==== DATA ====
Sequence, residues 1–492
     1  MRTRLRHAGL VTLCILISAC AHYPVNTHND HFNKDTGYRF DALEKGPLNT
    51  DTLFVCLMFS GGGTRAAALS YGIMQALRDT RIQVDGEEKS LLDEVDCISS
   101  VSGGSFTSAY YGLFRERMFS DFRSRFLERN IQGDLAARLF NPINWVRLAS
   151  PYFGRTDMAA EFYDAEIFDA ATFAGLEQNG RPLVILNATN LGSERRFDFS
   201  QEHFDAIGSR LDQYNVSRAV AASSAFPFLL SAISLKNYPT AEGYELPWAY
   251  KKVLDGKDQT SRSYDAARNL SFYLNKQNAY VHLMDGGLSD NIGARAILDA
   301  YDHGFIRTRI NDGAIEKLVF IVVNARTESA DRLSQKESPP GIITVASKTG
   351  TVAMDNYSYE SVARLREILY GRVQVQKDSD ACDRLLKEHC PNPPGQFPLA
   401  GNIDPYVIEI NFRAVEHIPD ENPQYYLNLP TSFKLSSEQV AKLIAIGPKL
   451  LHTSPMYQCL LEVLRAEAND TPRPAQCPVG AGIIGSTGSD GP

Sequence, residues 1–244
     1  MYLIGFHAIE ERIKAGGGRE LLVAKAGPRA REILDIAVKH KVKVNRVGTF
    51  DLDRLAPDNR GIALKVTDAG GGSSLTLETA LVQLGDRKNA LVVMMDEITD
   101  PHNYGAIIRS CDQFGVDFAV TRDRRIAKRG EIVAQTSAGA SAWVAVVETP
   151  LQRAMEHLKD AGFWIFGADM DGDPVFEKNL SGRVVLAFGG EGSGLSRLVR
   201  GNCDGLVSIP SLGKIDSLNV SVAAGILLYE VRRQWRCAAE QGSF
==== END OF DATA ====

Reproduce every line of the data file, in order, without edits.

Sequence, residues 1–492
     1  MRTRLRHAGL VTLCILISAC AHYPVNTHND HFNKDTGYRF DALEKGPLNT
    51  DTLFVCLMFS GGGTRAAALS YGIMQALRDT RIQVDGEEKS LLDEVDCISS
   101  VSGGSFTSAY YGLFRERMFS DFRSRFLERN IQGDLAARLF NPINWVRLAS
   151  PYFGRTDMAA EFYDAEIFDA ATFAGLEQNG RPLVILNATN LGSERRFDFS
   201  QEHFDAIGSR LDQYNVSRAV AASSAFPFLL SAISLKNYPT AEGYELPWAY
   251  KKVLDGKDQT SRSYDAARNL SFYLNKQNAY VHLMDGGLSD NIGARAILDA
   301  YDHGFIRTRI NDGAIEKLVF IVVNARTESA DRLSQKESPP GIITVASKTG
   351  TVAMDNYSYE SVARLREILY GRVQVQKDSD ACDRLLKEHC PNPPGQFPLA
   401  GNIDPYVIEI NFRAVEHIPD ENPQYYLNLP TSFKLSSEQV AKLIAIGPKL
   451  LHTSPMYQCL LEVLRAEAND TPRPAQCPVG AGIIGSTGSD GP

Sequence, residues 1–244
     1  MYLIGFHAIE ERIKAGGGRE LLVAKAGPRA REILDIAVKH KVKVNRVGTF
    51  DLDRLAPDNR GIALKVTDAG GGSSLTLETA LVQLGDRKNA LVVMMDEITD
   101  PHNYGAIIRS CDQFGVDFAV TRDRRIAKRG EIVAQTSAGA SAWVAVVETP
   151  LQRAMEHLKD AGFWIFGADM DGDPVFEKNL SGRVVLAFGG EGSGLSRLVR
   201  GNCDGLVSIP SLGKIDSLNV SVAAGILLYE VRRQWRCAAE QGSF